Weekends are associated with a higher rate of complications for births in hospitals in England, a study has found.
Researchers at Imperial College London looked at over 1.3 million births that took place in NHS services in England between 1 April 2010 and 31 March 2012.
The research, which is published in the BMJ, found that the rate of maternal infections and perinatal death (defined as a baby being stillborn or dying in hospital within seven days of birth) varied according to the day of the week on which a woman gave birth. The rates of injury to the baby during birth, and emergency readmission of the baby to hospital within three days of birth, were also different on different days of the week.
The rate of perinatal death was found to be highest on a Thursday, followed by Saturday and Sunday. The lowest day was a Tuesday.
Most births were found to occur on a Thursday, and fewest on a Sunday.
"We have been able to present a detailed and comprehensive assessment of the ’weekend effect’ in this important area of healthcare."
– Dr Will Palmer
The researchers compared rates of complications on weekdays with rates at weekends, adjusting for factors including gestational age, birth weight, maternal age, and any pre-existing health conditions in the mother such as diabetes or high blood pressure.
The rate of perinatal death on weekdays was 6.5 per thousand babies delivered. The rate of perinatal death across babies born on Saturday and Sunday was 7.1 per thousand.
In addition to this, the team found that mothers admitted at the weekend had slightly higher rates of infections compared to weekdays (8.7 infections per thousand deliveries, compared to 8.2 per thousand).
The authors suggest that if rates of perinatal death and maternal infections were the same across the week as they were on a Tuesday, there would be 770 fewer perinatal deaths a year, and 470 fewer maternal infections. There are around 4,500 perinatal deaths every year in England across 675,000 births.
The rate of injury to the baby during birth was also found to be slightly higher across those delivered on Saturdays and Sundays compared to a weekdays (15.3 per thousand births compared to 14.5 per thousand). The days that had the lowest rate of injury to the baby during birth were Wednesday and Thursday.
The rate of emergency readmissions for the baby within three days of birth was also higher for babies born on a Saturday and Sunday compared to weekdays (12.3 per thousand births compared to 11.8 per thousand births).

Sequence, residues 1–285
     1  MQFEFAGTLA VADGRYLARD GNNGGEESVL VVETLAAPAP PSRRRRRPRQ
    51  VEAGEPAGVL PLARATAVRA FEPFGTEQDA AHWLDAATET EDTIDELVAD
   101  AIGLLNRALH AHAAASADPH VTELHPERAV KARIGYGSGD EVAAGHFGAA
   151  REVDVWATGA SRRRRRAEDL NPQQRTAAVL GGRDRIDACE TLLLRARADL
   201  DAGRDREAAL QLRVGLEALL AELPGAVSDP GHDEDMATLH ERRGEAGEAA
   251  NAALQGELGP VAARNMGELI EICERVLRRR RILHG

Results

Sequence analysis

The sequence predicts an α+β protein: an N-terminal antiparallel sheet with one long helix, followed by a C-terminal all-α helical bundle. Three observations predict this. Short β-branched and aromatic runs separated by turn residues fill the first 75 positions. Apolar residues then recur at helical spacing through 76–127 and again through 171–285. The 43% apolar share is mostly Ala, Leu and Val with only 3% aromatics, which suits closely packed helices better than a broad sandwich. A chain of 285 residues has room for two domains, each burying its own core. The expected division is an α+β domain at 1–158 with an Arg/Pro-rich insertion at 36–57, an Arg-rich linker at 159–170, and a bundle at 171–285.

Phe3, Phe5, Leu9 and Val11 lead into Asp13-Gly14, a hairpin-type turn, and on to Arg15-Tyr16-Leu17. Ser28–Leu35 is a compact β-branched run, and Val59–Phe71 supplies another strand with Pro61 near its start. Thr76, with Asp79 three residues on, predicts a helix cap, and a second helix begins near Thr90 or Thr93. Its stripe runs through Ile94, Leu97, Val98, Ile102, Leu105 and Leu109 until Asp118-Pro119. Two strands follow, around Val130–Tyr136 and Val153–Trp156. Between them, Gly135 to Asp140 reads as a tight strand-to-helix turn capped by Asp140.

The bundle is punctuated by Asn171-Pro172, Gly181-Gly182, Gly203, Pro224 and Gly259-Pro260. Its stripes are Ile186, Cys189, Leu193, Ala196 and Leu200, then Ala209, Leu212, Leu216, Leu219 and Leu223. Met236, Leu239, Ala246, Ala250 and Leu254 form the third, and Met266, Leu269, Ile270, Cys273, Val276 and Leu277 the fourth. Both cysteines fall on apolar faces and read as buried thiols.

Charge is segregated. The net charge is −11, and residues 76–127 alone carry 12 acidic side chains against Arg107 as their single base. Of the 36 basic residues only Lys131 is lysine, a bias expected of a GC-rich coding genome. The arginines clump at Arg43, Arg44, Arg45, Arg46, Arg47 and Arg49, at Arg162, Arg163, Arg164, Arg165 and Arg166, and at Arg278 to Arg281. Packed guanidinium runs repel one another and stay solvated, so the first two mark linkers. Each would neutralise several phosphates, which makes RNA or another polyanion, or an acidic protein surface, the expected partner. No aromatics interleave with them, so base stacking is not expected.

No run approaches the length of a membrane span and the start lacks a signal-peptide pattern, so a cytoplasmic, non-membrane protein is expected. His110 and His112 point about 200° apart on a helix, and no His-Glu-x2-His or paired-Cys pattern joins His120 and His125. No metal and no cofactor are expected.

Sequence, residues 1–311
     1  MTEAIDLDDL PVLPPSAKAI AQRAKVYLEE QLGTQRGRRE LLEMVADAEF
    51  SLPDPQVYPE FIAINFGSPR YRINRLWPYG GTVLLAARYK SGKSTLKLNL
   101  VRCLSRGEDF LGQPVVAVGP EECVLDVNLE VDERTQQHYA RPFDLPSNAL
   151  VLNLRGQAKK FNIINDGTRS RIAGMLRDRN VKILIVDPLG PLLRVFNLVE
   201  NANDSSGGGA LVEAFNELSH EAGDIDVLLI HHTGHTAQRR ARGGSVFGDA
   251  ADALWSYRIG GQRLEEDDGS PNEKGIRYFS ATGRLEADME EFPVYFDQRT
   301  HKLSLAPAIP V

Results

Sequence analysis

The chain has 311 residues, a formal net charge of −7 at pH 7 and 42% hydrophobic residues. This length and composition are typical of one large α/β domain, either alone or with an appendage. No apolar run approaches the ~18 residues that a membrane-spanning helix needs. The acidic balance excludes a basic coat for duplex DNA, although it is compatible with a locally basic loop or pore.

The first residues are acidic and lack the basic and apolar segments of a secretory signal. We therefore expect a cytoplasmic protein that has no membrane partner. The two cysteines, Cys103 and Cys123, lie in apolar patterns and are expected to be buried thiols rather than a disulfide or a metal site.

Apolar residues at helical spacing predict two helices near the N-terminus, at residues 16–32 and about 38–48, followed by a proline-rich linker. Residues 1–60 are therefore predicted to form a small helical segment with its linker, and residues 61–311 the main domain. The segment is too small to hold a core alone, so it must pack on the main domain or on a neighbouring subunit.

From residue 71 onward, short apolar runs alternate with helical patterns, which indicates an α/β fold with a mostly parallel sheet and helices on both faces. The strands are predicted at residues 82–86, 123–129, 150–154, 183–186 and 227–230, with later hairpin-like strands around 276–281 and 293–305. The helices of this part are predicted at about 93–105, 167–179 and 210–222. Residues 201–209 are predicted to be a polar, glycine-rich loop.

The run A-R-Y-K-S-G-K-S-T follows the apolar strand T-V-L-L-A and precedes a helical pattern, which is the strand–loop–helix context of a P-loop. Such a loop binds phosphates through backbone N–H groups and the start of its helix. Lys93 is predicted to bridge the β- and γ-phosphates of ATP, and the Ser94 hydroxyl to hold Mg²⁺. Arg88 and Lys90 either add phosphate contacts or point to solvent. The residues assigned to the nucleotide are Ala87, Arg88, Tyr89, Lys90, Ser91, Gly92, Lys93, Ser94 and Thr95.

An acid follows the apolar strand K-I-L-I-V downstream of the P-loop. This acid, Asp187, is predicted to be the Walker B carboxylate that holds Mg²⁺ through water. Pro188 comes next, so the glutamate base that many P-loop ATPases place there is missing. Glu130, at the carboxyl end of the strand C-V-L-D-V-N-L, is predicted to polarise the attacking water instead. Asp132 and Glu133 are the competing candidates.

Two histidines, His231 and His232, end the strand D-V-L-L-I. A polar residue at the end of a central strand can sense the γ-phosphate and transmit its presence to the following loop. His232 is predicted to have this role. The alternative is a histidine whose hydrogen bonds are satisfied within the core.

In a second part of the study, the team investigated whether there was a link between birth complications and the recommended consultant staffing levels in labour wards. No association was found between consultant staffing levels and complications such as perinatal death or injuries to the baby during birth. The only area in which an association was found was in perineal tears, where the rate was 3.0 per cent in wards that complied with consultant staffing levels, compared to 3.3 per cent in units that didn’t comply.
The team cautioned they were only able to look at data up to 2012, and so current data may reveal a different picture.
Professor Paul Aylin, from the School of Public Health at Imperial, and who was the senior academic on the team, said: “In our paper we tried to account for the fact that differences in rates of complications on different days may be due to chance, or that births on certain days are more complicated in some way. However, even after making these adjustments, we found the rates of complications vary on different days. We don’t know what causes this difference, and when we looked at consultant staffing levels we didn’t see a strong link between reduced staffing and complications. More work needs to be done to better understand the causes of these differences, so that steps can be taken to improve outcomes for mothers and babies. Maternity care involves a whole team including midwives and other medical staff, so one avenue for future research might be to look at staffing levels beyond consultants.”
Professor Aylin discusses the research in more detail in the video below.
Dr William Palmer, lead author and honorary research fellow from the School of Public Health, added: “We have been able to present a detailed and comprehensive assessment of the ’weekend effect’ in this important area of healthcare. However, this is a study based on administrative data and so we did not observe the quality of care directly.
The public should reasonably expect high quality care at all times, and this paper suggests that managers and clinicians in maternity care need to seek further assurance that their services are providing consistently good care throughout the week."
The study was conducted at the Dr Foster Unit at Imperial, funded by Dr Foster (a Telstra Health company) and the National Institute for Health Research.
"Association between day of delivery and obstetric outcomes: observational study" is published in The BMJ.
Article text (excluding photos or graphics) available under an Attribution-NonCommercial-ShareAlike Creative Commons license.
Photos and graphics subject to third party copyright used with permission or © Imperial College London.
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